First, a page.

5. In order to have a business page on Facebook, you must first have a personal profile, and in Facebook-land, “friend” and “like” are verbs that have their own unique contextual meaning.  As those of you who use another social medium known as LinkedIn already know, the terminology for how you know or “know of” someone is frequently evolving.  “Like” on Facebook is not an endorsement! It is a “thumbs up.”
  6. Set your Facebook passwords and privacy controls to your liking! This includes any other online concern you have going.  (Remember President Skroob’s password in the 1987 spoof classic Spaceballs?  Turns out it was the same “12345” as some foreign government officials and probably more than a few Americans using Facebook!)
  7. Social media – Facebook, LinkedIn, Twitter, etc. – are all intended and designed as a complement to and not a replacement for actual human contact (unless, perhaps, you are a teenager).
  8. Keep track of your online presence – Google yourself from time to time, or if you want to go “filterless” (and I don’t mean a Gauloise) go to Duck Duck Go and see what comes up.

Social media are not going away. In a recent post by Patrick Lamb under the ABA Journal’s “New Normal,” Lamb declares “A Trusted Adviser in the New Normal Must Be Like a Symphony Conductor.” Hmm …  I may have heard something like this before – oh, yes – a chapter from Dan Pink’s “A Whole New Mind” is “symphony” and is about seeing relationships, improvising, and making new metaphors, but is essentially about “big picture” thinking.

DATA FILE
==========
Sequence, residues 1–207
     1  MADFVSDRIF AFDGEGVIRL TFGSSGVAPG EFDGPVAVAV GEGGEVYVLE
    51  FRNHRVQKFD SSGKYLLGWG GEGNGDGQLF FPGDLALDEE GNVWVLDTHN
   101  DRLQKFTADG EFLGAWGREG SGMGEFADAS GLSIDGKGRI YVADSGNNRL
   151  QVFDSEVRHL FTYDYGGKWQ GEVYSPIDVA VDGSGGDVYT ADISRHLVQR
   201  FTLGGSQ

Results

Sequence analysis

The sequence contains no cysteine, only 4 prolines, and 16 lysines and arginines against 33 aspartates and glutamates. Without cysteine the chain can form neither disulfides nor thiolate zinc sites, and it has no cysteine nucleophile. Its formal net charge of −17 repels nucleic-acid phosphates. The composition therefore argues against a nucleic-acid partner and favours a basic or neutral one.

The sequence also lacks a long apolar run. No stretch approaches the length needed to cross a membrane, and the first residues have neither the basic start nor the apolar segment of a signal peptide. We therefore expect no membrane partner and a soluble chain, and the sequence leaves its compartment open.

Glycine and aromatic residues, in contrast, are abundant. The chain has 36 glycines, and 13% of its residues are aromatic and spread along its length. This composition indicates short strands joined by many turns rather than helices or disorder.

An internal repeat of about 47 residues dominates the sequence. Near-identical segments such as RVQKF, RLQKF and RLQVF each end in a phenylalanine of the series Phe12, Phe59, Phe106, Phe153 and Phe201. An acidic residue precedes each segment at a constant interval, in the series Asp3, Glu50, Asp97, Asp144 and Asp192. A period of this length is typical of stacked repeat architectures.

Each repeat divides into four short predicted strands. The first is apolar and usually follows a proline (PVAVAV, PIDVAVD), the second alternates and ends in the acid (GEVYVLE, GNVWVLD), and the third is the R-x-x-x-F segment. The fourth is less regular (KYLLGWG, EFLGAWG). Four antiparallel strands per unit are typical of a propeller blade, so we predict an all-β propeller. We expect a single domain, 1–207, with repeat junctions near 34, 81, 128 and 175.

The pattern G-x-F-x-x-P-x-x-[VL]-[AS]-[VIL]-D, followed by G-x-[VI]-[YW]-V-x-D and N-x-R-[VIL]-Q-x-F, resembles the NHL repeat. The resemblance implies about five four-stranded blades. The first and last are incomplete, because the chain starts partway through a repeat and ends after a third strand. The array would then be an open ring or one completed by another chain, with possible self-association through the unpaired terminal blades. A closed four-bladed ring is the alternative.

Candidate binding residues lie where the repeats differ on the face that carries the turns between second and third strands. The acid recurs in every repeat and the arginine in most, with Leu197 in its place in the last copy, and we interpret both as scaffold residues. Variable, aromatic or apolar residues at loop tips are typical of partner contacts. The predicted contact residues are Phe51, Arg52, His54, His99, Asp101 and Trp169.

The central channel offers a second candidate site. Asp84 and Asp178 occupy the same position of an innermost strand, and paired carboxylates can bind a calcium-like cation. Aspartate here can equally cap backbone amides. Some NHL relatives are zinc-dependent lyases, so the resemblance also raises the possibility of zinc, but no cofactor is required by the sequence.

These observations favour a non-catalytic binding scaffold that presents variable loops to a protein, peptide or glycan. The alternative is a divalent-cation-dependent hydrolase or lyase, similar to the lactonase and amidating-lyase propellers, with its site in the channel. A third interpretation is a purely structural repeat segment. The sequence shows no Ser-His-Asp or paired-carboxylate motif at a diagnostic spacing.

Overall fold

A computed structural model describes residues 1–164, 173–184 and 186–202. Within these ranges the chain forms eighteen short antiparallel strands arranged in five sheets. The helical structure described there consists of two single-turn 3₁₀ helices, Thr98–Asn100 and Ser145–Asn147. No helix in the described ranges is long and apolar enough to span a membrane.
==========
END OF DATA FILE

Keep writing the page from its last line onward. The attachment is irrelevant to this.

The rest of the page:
Bottom line from Lamb’s post is that a good grounding in substantive legal knowledge is a good start, but you have to grow into the business acumen, efficiency, and predictability, and consistent delivery stages in order to blossom as a “trusted adviser.”  In another “new normal” blog post – this one by Steve Bell on his blog The New Legal Normal, Bell urges lawyers to “get real” about the fact that social media have been with us for more than a decade (LinkedIn and MySpace launched in 2003, Facebook in 2004). His urgings sound like some familiar themes – remember the Future Foretold post about TECHSHOW 2012?

Am I saying that Facebook and other social media can help you maintain relationships? Why yes, indeed I am.  How? Well I’ll save that for another post.  Patience, grasshopper! (Oops, I’m showing my age again.)  Call me old fashioned, but I think lawyers ought to be able to distinguish between “fear” and “caution.”  We see accidents on the roadways but that doesn’t stop us from driving, right?  What do we have to be afraid of?  Well, ourselves mostly – and I think one of the best articles about what to watch out for is still “Seduced: For Lawyers, the Appeal of Social Media is Obvious. It’s Also Dangerous.”  Don’t worry, in my next post  – covering the “tests, allies, and enemies” portion of the Hero’s Journey, I’ll discuss some of the particular applications of ethics rules to social media applications.

Read more about Barb’s Facebook Chronicles here.